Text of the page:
My phone is on life support. The only things keeping it alive are a micro-usb IV attached to a portable power bank. The doctors said it needs a replacement battery, however, the manufacturer of the phone decided to make it impossible to do so without tremendous effort and technical know-how (or money), so the phone stays in limbo, waiting to die the sad inevitable death that its silicon laden kind often faces. The tragedy here is that the phone is barely over a year old (coincidentally outside the warranty period though), which I bought to replace another defective phone. This essay is not about my phone. Instead, it is about the absence of my phone; and what I’ve learned from “coping” with it being relatively absent from my life.
My generation was at the zenith of cell-phone popularity. Before Apple introduced the iPhone in 2007, the phones we carried were little more than mobile phones that maybe could connect to the internet but were mostly used to send text messages (which often contained grammar so bad it frequently led to older people lamenting our apparent inability to write well) and make phone calls. My first phone as an LG EnV, which at the very least, had a full QWERTY keyboard.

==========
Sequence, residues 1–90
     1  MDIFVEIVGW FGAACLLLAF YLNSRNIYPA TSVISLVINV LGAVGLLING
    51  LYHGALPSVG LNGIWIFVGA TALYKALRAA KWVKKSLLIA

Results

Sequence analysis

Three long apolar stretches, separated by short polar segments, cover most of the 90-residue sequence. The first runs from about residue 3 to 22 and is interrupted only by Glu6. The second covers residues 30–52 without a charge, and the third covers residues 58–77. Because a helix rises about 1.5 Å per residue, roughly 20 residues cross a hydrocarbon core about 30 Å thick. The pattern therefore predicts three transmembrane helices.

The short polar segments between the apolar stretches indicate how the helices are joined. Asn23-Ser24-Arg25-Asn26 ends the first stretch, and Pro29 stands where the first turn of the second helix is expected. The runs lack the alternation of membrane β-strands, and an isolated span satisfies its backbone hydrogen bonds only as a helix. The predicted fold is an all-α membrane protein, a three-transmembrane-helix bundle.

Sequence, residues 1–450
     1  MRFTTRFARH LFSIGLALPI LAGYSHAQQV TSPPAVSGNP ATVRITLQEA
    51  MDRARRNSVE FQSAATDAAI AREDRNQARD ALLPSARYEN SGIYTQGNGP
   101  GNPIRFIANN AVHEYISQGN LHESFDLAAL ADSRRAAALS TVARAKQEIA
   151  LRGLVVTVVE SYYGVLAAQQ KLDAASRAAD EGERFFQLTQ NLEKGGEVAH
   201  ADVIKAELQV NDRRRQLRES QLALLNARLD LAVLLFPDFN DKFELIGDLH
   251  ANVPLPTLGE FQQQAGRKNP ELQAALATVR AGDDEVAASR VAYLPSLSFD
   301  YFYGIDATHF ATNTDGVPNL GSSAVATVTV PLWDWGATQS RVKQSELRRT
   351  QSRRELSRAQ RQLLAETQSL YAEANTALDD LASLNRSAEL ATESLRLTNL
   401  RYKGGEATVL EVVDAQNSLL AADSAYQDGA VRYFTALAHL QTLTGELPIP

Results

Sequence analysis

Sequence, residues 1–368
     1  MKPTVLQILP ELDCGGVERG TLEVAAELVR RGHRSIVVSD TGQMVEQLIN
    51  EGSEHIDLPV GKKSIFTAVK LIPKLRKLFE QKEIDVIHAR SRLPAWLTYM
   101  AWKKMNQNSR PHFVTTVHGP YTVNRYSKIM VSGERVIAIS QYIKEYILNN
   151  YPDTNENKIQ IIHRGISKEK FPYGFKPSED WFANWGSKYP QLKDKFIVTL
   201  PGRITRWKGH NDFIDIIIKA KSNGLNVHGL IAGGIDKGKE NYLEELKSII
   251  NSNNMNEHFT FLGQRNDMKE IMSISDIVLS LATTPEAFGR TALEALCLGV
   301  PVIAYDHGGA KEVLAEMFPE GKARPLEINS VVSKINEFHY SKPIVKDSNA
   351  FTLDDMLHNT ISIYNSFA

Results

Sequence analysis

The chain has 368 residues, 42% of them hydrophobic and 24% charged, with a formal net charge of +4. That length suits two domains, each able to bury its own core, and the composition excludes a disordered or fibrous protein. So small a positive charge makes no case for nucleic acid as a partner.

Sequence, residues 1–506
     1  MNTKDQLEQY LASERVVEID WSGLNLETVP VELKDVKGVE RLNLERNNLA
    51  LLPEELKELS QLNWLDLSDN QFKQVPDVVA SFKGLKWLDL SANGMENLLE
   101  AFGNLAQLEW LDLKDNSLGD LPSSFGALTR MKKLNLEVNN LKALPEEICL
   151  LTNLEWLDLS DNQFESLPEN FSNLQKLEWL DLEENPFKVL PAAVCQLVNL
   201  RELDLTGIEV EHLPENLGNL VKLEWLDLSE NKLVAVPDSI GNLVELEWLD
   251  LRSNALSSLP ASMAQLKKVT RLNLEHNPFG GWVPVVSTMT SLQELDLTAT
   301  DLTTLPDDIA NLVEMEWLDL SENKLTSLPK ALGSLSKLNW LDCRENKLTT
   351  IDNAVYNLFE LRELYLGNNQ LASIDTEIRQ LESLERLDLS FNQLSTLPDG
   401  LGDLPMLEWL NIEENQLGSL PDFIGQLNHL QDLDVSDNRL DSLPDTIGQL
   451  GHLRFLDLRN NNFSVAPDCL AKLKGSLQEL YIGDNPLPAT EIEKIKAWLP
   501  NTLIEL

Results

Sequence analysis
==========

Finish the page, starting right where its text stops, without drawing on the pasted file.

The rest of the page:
I was in 8th grade when I got it, mostly during to pestering my mom that I still didn’t have a cell phone when all my classmates had one. It gave me the power to actually ask my friends where they were (a tremendous time saver during Summer vacation). Compared to the burgeoning smartphone market, however, these phones were pretty quaint.
By 2010 I had an iPhone to call my own, the iPhone 4. It didn’t happen right away, but over the past 8 years of owning a smartphone, I’ve noticed my patience and attention span whittling down to nothing. I used to read books for hours on end in middle school, but by the time I graduated High School I could barely sit down for an hour straight without checking Twitter or Facebook. I was no longer able to be “bored” or allow one singular thing to take up my time. Even as I write this now I’m listening to music and occasionally chatting with friends on Facebook messenger. The smartphone allowed me to become an expert multitasker, at the expense of not being to focus on any particular task at once.